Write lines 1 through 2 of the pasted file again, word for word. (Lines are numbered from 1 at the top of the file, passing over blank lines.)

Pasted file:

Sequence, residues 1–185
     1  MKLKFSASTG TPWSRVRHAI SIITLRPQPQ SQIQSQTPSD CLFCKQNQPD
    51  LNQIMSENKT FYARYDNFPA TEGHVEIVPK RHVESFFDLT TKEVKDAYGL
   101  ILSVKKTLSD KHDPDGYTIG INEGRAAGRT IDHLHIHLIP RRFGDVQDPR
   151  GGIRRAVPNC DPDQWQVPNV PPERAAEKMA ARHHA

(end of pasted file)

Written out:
Sequence, residues 1–185
     1  MKLKFSASTG TPWSRVRHAI SIITLRPQPQ SQIQSQTPSD CLFCKQNQPD